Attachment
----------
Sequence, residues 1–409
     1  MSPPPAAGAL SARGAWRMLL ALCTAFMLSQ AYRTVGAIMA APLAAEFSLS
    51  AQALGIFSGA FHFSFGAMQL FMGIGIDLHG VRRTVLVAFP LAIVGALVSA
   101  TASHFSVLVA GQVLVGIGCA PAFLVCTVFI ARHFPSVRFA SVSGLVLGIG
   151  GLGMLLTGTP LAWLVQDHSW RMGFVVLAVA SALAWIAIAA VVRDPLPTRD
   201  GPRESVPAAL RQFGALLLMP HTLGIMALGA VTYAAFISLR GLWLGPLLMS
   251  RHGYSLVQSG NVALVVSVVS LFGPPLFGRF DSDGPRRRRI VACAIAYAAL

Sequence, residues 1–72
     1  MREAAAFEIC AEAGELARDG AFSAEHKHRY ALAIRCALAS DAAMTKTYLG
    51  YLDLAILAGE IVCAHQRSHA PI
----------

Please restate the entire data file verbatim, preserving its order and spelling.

Sequence, residues 1–409
     1  MSPPPAAGAL SARGAWRMLL ALCTAFMLSQ AYRTVGAIMA APLAAEFSLS
    51  AQALGIFSGA FHFSFGAMQL FMGIGIDLHG VRRTVLVAFP LAIVGALVSA
   101  TASHFSVLVA GQVLVGIGCA PAFLVCTVFI ARHFPSVRFA SVSGLVLGIG
   151  GLGMLLTGTP LAWLVQDHSW RMGFVVLAVA SALAWIAIAA VVRDPLPTRD
   201  GPRESVPAAL RQFGALLLMP HTLGIMALGA VTYAAFISLR GLWLGPLLMS
   251  RHGYSLVQSG NVALVVSVVS LFGPPLFGRF DSDGPRRRRI VACAIAYAAL

Sequence, residues 1–72
     1  MREAAAFEIC AEAGELARDG AFSAEHKHRY ALAIRCALAS DAAMTKTYLG
    51  YLDLAILAGE IVCAHQRSHA PI